But once the sun rose on Sunday, things began to take a turn for the better. Dustin said he began to feel better around noon and once he got on the track all he could focus on was taking home the biggest win of his life.
Around five hours and four rounds later, Dustin was standing in the winner’s circle having just won the IHRA Quick Rod World Championship over a field of the toughest 8.90 racers in the world.
“I knew all the racers here were the best of the best. I have had some friends tell me about my competitors, so I kind of knew what I was up against,” Dustin said.
In the final Dustin found himself matched up with series veteran Vernon Rowland from Blanchard, Oklahoma for the Quick Rod title. With the championship on the line, Dustin left little room for error as he got off the line first with a .012 reaction time to Rowland’s .023 and ran nearly dead-on the numbers with an 8.912 second elapsed time at 141.31 miles per hour, while Rowland crossed the strip with an 8.930 at 159.87 mph.
“That was definitely the biggest round of my life. I wanted to make sure it was a good race. I definitely didn’t want to do something stupid like red light or drop too hard and go way over. I wanted to make it a solid run,” Dustin said. “I saw the win light come on and I was excited, but I didn’t get too excited. I had people in the shutdown area congratulating me, but I don’t think I took a breath until I got that paper in my hand that said I was a winner. That is when it all sunk in.”
Quick Rod Final - John Dustin (near) vs. Vernon Rowland
Dustin, who won the Division 1 championship in Quick Rod on the Summit Pro-Am Tour in 2013, recorded round wins over Otis Henry, Jake Levatino and Jeremy Mason on his way to the final. In the other lane, fellow divisional champ Rowland, winner of IHRA’s Division 3, had wins over Chris Scarlata, Dale Scates and Mark Miles.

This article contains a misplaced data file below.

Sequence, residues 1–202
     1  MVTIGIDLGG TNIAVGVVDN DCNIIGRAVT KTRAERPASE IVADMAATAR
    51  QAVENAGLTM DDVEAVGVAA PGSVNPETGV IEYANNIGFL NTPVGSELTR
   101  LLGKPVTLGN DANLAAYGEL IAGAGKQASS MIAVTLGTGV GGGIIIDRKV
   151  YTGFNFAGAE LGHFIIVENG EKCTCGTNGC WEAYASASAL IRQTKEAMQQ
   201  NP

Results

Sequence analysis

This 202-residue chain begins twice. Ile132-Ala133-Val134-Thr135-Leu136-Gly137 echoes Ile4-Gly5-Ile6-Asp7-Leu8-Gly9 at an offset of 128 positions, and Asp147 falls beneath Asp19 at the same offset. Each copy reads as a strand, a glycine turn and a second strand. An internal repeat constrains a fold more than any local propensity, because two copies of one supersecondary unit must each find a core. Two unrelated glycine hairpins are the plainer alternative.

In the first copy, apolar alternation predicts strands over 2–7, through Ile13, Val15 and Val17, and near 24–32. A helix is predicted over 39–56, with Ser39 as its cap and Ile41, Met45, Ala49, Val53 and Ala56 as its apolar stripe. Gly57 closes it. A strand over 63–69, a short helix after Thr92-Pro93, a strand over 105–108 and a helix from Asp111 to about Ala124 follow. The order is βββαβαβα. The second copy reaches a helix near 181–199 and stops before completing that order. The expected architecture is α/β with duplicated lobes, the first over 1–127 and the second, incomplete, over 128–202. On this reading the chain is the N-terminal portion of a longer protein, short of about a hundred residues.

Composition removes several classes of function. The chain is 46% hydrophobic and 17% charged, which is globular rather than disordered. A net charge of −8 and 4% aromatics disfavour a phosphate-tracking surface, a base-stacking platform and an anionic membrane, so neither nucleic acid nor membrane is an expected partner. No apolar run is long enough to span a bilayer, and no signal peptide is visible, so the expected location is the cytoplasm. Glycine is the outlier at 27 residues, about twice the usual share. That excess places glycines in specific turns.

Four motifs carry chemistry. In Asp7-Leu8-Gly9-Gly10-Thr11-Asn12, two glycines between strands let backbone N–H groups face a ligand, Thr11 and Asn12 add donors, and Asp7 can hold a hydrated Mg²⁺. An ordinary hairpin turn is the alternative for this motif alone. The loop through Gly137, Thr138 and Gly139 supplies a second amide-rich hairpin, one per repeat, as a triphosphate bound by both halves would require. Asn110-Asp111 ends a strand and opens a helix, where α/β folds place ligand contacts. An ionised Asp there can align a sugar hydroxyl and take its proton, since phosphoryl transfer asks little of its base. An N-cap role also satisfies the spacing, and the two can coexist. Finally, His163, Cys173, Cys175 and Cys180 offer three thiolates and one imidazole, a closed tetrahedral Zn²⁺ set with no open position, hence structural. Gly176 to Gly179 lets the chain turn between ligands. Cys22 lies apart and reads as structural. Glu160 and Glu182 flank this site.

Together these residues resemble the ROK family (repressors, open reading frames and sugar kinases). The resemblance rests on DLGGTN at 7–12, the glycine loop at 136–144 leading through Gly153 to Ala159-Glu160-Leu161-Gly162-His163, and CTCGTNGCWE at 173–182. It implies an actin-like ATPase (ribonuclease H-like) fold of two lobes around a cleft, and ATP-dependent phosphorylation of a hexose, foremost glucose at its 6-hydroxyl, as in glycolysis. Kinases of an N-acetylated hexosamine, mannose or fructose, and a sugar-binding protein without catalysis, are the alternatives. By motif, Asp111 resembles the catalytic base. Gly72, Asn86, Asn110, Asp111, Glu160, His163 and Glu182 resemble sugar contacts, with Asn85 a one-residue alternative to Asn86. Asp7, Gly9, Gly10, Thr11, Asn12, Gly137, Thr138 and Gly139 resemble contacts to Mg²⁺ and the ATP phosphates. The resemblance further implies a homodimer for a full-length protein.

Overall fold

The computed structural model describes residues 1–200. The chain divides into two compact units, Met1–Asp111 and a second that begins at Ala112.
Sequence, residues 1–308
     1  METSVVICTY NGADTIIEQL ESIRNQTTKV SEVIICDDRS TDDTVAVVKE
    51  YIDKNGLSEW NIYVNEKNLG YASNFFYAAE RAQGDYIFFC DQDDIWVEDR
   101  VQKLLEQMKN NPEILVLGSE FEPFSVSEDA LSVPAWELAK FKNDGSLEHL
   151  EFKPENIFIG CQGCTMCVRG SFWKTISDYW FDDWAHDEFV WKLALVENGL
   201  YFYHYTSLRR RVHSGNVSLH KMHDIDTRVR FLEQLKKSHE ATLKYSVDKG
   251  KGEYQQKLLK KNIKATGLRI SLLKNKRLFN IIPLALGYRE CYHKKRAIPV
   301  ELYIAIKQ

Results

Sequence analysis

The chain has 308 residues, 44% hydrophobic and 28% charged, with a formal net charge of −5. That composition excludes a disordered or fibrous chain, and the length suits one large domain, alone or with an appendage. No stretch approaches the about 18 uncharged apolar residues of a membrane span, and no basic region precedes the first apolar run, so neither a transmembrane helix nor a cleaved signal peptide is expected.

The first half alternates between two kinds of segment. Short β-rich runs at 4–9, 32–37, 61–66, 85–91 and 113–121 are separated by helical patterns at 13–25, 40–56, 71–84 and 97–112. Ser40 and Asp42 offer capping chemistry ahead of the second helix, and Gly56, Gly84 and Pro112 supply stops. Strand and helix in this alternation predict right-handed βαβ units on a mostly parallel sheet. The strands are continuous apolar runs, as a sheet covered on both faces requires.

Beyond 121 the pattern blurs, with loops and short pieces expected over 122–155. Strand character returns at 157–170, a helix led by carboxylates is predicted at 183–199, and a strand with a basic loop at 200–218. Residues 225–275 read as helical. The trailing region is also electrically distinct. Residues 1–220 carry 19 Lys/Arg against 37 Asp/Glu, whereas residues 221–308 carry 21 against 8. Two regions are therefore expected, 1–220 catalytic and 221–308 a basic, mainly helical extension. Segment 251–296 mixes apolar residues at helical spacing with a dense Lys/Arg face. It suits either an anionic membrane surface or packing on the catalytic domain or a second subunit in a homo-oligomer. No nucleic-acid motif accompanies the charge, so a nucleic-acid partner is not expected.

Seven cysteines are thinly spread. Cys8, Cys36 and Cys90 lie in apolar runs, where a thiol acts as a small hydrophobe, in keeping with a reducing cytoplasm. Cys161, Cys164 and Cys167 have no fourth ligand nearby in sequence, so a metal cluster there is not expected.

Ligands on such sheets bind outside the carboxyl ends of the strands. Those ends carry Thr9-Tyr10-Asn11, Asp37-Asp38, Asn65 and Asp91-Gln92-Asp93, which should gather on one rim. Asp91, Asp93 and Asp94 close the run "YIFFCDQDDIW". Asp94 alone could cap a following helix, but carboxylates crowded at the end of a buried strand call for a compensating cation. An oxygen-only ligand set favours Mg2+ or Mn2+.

In all four round wins Dustin got it done on the tree, recording lights of .005, .012, .006 and .012. In his first two rounds both Henry and Levatino broke out, while in the semifinal Mason missed the top end with an 8.998 on an 8.90 index. Dustin had an 8.954 to move into the finals.
Dustin’s win capped an incredible year where he recorded two wins in four finals, getting it done in a car that many felt should have been sent to the scrapyard by now.
“I bought this car in 1997 and a lot of people think I should have replaced it by now,” Dustin said. “Everyone around me has been getting new cars and they are all getting onto me about driving this older car. The thing is, it is just a perfect car.”
Now Dustin will have an opportunity to put a coveted No. 1 on the side of that “older car.”
“I really want to thank my mom and dad, my wife Lenore and my little baby Danica. We love racing IHRA and we love Summit Racing,” Dustin said. “To be honest we debated about the weekend. It is a long haul for us, but we felt confident in the car as long as the driver got it done. I think it all turned out just fine.”